American History Myths Debunked: Columbus Discovered America
For our first entry in this series, “American History Myths Debunked: No Native Influence on Founding Fathers,” click on the link.
Okay, let’s get the first glaring problem out of the way. Yes, it’s still taught in most American schools that Columbus “discovered” America, but we all know the absurdity of this “fact” on multiple levels. First, Columbus could not have “discovered” America, as you can’t discover something that already existed and was populated. So we’ll ignore the “discovered” portion of the myth that and focus instead on a second component, which is that it’s also overwhelmingly obvious that Columbus was far from the first European to reach the “New World” (again, something can’t be “New” when it’s actually old and inhabited.)
Cracked.com’s myth: America was discovered in 1492 because Europeans were starting to get curious about the outside world thanks to the Renaissance and Enlightenment.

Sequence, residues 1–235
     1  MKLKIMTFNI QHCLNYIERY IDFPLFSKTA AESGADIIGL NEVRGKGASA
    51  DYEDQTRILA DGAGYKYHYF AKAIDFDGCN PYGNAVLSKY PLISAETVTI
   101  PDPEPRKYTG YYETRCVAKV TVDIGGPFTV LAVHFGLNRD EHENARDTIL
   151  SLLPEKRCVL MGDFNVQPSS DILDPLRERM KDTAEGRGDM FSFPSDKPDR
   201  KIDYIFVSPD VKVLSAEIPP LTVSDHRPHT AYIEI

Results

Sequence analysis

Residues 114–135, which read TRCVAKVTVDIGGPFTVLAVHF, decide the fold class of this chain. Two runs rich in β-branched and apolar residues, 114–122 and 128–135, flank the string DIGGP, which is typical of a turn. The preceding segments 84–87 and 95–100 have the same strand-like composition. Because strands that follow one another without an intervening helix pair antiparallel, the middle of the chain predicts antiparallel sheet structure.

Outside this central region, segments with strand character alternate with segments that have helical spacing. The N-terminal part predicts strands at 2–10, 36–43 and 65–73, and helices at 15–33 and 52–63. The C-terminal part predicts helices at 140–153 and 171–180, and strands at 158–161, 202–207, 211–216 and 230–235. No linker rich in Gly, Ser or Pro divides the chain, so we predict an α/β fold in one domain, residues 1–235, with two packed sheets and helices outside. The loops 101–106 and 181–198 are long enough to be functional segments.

Yes, this is a myth. The point that Cracked.com makes is that Columbus was far from being even the first European to find these shores. That distinction goes to the Vikings, the legendary Norse warriors and explorers who were raiding and settling many parts of the world from the late 8th to mid 11th century. And so it was the Vikings, not Columbus, who first made contact with American Indians. And probably wished they hadn’t.
The evidence seems to point to Vikings making contact with American Indians as long ago as the 10th century, as they explored the northeast coast of America, what they called Vineland (or Vinland). A.M. Reeves, N.L. Beamish and R.B. Anderson’s “The Norse Discovery of America,” which was published in 1906, goes into great detail on the encounters between the ferocious Vikings and the Native inhabitants of Vinland.